Philae Island – What is there to see
There is so much to see on Philae Island that I have split the information into two posts. This is the first section of all the things to see on the Island. There is quite a lot to see – and we were fortunate in having an excellent guide to highlight many of the important features.
Temple of Isis
The largest and most important temple on Philae is the great Temple of Isis, which is oriented south to north. It was entered on the south through the Hall of Nectanebo (named after the Nectanebo, pharaoh of the Thirtieth dynasty of Egypt)
The Hall of Nectanebo leads into the large Outer Court. It is enclosed by a wall known as the first pylon on the north and colonnades on the east and west sides. Here can also be seen a section of the solid embankment wall that apparently enclosed the main part of the island and was interrupted at several points by steps leading down to the water.
The first pylon is 45.5m wide and 18m high. It consists of two towers and a central doorway, which was decorated with reliefs by Nectanebo. On the front of the east tower is a huge figure of Ptolemy XII grasping a band of enemies by the hair and raising his club to smite them, with Isis, the falcon headed Horus of Edfu and Hathor on the left. Above are two reliefs of Ptolemy XII presenting the crowns of Upper and Lower Egypt to Horus and Nephthys and offering incense to Isis and Harpocrates. There are similar reliefs on the west tower; at the foot are demotic and Greek inscriptions.
A doorway in this tower, with reliefs by Philometor, leads directly to the entrance to the Birth House. In front of the pylon were originally two granite obelisks erected by Euergetes II and two granite lions.
The east colonnade is unfinished, with only 6 of 16 columns completed. The others are roughly hewn with unfinished capitals. In the rear wall of the east colonnade are five doors which led into various chapels.
The west colonnade is 93m long and has 31 (originally 32) plant columns 5.10m high, with capitals in a variety of forms. Most columns bear reliefs of the Emperor Tiberius making offerings to the gods. The roof of the colonnade is decorated with stars and flying vultures. On the rear wall are two rows of reliefs depicting the emperor, usually Augustus or Tiberius, dedicating gifts to the gods. From the colonnade a subterranean staircase leads down to a small Nilometer.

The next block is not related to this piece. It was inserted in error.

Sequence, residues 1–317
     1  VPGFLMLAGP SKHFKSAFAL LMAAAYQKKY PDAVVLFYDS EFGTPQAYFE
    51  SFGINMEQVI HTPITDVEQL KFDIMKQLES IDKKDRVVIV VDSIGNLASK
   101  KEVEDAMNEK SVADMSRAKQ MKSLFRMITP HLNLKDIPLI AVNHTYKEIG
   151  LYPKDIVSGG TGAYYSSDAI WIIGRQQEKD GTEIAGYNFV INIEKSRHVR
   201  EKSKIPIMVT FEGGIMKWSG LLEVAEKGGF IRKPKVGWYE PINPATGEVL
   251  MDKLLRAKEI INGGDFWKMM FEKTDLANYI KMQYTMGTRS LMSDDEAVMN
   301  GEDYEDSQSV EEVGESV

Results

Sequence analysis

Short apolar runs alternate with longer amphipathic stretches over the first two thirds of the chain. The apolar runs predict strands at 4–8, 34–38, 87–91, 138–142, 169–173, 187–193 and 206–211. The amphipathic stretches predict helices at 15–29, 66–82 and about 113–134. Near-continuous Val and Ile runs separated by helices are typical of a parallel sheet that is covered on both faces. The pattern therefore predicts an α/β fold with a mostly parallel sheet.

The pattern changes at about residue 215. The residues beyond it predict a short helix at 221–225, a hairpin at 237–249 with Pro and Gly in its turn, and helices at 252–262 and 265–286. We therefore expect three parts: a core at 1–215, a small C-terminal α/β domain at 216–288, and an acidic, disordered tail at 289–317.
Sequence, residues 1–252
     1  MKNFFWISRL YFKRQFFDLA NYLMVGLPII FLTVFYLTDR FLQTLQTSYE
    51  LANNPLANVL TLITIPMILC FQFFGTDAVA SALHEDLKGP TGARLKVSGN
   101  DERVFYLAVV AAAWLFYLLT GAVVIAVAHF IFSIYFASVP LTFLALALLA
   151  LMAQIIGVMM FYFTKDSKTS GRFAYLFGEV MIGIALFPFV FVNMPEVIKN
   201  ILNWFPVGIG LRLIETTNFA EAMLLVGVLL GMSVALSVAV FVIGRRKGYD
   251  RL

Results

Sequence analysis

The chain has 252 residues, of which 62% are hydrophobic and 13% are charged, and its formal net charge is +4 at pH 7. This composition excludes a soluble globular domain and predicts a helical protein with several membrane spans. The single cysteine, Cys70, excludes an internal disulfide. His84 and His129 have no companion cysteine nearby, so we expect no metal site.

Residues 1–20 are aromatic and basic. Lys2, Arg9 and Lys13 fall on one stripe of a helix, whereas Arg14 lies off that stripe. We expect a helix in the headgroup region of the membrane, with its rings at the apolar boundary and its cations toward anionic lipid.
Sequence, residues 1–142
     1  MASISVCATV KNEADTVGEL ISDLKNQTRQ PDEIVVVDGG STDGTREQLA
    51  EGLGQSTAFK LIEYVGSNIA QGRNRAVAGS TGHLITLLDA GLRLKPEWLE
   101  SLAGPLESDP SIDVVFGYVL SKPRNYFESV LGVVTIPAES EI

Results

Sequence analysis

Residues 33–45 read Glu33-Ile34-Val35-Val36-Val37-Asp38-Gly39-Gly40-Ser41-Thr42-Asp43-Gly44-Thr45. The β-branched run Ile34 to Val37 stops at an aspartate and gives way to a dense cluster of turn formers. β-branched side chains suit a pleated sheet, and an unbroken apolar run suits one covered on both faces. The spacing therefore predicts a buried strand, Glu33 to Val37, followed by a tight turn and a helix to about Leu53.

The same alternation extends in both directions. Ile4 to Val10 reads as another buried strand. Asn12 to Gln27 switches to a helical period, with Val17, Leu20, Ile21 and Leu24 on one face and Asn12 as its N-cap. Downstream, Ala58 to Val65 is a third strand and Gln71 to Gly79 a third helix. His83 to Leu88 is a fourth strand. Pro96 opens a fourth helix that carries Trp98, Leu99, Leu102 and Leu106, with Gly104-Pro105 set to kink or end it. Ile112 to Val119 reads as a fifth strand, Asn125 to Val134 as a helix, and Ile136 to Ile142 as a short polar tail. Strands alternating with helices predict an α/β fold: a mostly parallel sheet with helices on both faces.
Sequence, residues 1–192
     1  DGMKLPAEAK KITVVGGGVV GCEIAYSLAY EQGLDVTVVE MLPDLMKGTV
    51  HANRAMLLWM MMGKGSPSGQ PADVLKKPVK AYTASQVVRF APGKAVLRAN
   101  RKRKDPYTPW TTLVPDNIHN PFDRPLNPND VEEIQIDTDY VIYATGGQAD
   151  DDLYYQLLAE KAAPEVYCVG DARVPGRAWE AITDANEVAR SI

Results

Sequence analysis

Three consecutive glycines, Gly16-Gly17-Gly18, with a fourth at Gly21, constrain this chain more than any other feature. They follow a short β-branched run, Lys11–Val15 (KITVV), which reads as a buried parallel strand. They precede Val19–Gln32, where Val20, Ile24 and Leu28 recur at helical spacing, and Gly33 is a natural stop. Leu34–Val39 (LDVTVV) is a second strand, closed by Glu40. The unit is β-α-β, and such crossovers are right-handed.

A Nilometer was a means (typically a structure) of measuring the Nile River’s clarity and for measuring the water level of the Nile river during the annual flood. This is something that I remember seeing – but didn’t get a photo !!
West of the forecourt, just behind the first pylon, is the Birth House (Mammisi). This was dedicated to Hathor-Isis in honor of the birth of her son Horus and was where the king conducted rituals securing his legitimate dependancy from Horus. It is surrounded on all four sides by colonnades, the columns in which have foliage capitals surmounted by sistrum capitals. The walls, columns and screens between the columns are covered with reliefs and inscriptions, mostly by Euergetes II, Ptolemy XII, Augustus and Tiberius. Most notable are the reliefs in the last chamber, which depict Horus as a falcon in the swamps of the Delta, Isis suckling Horus in the swamps, and other scenes from Horus’ childhood.
For more information about Philae Temple
- 2014-03-20 – Unfinished Obelisk, High Dam, Philae Temple, High Tea
- Egyptian Goddess – Hathor
- Egyptian Goddess – Isis
- Egyptian Mythology – Horus
- Philae Temple
- Philae Temple – Part 1- Overview
- Philae Temple – Part 2 – Introduction
- Philae Temple – Part 3 – History
- Philae Temple – Part 4 – What to See
- Philae Temple – Part 5 – What to See
- Philae Temple – Part 6 – Our Experience